Also, our landlord, a good guy in general,  is extremely persnickety about not leaving marks on the walls or floors so we were careful about not banging into things. We left a couple of small dings which were easily repaired. And we did break a leg on one of our antique tables, but I think it can be repaired fairly easily as well.

After moving, we went back to the crib for a feast of lasagna, salad, Italian bread, fruit and brownies. Everybody had worked up an appetite so the food was welcome. Thanks to Tricia and Karen B for providing it.

After dinner, Karen went over to the Armory Street offices while we returned the van and cleaned it for inspection on Monday. We always try to leave wherever we reside or work in better shape than how we found it. I think we accomplished it.

Moving, as most would agree, is stressful, sometimes incredibly so. While I felt some unease as I began the day yesterday, I have to say it went very smoothly. Everybody was in good spirits. We worked hard and got it done with few hitches. We are now in our new space. The only thing left to do is put everything back together and we are good to go. I will do that tomorrow.

Matt B. reminded me yesterday how excited we were to actually have our first offices on Armory Street. We were so close to Main Street. God was making real what was just a dream. Now, we are on Main Street. The space is bigger and feels more in line with what we are trying to do. We can actually worship there! God has taken us to the next step.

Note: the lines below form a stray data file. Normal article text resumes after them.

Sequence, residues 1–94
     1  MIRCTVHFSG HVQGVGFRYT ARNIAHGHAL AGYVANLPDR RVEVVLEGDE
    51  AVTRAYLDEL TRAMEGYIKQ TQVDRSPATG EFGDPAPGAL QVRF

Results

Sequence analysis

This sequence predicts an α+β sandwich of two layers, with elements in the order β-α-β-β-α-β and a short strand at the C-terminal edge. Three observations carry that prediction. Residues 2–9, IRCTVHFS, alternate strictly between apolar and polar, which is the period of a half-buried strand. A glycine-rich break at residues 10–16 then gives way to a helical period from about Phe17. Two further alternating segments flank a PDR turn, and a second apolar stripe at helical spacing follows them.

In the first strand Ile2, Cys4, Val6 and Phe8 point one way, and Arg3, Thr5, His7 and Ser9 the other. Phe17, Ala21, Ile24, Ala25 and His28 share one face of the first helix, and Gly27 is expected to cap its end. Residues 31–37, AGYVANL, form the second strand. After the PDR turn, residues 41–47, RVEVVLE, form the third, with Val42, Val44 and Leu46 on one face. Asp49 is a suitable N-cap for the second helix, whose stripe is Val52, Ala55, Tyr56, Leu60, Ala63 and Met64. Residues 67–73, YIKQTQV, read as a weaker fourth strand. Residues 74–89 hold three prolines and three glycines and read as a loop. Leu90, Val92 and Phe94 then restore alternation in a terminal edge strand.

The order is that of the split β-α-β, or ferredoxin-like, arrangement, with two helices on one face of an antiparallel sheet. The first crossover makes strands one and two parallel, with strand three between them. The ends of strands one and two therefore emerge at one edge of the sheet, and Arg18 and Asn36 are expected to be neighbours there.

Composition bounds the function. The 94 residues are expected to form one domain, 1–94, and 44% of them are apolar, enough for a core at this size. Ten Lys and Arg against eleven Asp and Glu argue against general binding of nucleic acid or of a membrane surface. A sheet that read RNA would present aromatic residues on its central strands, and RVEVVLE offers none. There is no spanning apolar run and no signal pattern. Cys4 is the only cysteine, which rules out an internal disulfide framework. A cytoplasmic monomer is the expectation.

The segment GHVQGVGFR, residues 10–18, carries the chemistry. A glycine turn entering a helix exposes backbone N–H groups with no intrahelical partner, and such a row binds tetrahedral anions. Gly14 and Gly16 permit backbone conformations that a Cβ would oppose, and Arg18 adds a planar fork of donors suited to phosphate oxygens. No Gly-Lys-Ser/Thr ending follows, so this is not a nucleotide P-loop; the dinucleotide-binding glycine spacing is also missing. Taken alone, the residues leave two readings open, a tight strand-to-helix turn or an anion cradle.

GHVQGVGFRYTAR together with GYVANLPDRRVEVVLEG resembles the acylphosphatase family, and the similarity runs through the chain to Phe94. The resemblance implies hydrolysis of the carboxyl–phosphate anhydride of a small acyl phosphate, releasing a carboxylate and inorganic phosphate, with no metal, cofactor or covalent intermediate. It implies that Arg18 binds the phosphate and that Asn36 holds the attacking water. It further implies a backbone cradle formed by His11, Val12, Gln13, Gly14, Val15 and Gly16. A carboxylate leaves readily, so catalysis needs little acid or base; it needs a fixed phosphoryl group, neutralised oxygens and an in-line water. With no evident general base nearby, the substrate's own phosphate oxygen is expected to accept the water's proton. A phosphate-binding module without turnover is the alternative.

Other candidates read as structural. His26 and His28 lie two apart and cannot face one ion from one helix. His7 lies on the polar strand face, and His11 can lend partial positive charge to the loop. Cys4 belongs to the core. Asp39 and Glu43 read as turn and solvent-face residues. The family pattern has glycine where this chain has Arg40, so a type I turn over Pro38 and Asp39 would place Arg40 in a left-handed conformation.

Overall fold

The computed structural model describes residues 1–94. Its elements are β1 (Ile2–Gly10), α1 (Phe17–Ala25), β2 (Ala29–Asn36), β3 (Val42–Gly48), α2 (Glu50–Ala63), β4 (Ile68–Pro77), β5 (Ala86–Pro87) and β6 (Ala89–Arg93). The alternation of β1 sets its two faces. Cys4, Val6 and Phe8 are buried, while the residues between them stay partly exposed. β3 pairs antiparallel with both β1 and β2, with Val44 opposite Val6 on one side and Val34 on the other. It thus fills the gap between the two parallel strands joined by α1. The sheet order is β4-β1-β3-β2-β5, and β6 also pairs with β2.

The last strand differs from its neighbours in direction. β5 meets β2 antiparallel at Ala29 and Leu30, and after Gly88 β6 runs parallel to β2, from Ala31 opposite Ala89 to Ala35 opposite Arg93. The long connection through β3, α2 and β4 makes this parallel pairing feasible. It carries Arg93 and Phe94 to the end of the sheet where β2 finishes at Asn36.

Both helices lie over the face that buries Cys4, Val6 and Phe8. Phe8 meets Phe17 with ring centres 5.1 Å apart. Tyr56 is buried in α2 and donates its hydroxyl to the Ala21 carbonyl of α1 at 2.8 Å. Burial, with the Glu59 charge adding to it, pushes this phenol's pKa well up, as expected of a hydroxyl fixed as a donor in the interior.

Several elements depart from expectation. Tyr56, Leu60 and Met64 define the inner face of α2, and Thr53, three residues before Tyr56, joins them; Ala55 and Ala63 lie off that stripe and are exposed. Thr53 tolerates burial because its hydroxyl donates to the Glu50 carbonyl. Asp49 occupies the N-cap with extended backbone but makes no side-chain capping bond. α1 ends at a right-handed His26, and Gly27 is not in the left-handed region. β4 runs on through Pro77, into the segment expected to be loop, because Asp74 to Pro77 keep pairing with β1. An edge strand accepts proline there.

With each step, we take more risk requiring deeper faith and trust. I see this move as an opportunity to grow in believing God for more than we can ask or imagine. Doing so is not easy for me, but I am grateful God blesses me all the time with the chance to do so.

May the Lord use this new space to bring more glory to His Name.

May it be a place where the captives are freed, the blind see and the brokenhearted are healed.

May it be place where the Gospel is proclaimed and lived in a way that makes a substantial difference to people far from Jesus.

May it grow us in faith, love and fruitfulness for the sake of his kingdom.

Friday, April 16, 2010

Something For You to Carry With You Today.

Romans 12:12: "Rejoice in hope, be patient in tribulation, be constant in prayer."
Have joy in your hoping, stick with patience as you walk through suffering, pray all the the time. I so appreciate this little trinity of wisdom from Paul. He opens me to substance I can use with words of life written centuries ago.

REJOICE IN HOPE: Let the joy of what you hope for - the complete salvation of your soul unto eternity - flood you with hope. Hope lets a person abide toward a better future. A new day is coming when God will put all things to rights. Rejoice in the certainty of that day because God says it is coming. Your tears will be wiped from your reddened eyes. Your sorrows will finally end. Your frustrations and disappointments will fade from your memory. Pain will disappear as if a bad dream. And hope will finish its mission.

BE PATIENT IN TRIBULATION: Jesus avers you will have troubles in the world. Creation groans in travail and your life has known "sorrowful days." Life is full of troubles of every kind; troubles that bewilder, frustrate, bedevil and corner you, sometimes it seems at every turn. Paul says, "Yeah, I know, be patient anyway." You see, patience is a settler and a leveler. It opens perspective and stiffens resolve. It calms the storm and keeps your feet on the ground, moving forward or waiting for discernment. Patience is a weapon cutting through to peace of mind, and persevering in the face of overwhelming odds. Being patient in a situation gives faith and grace room to work.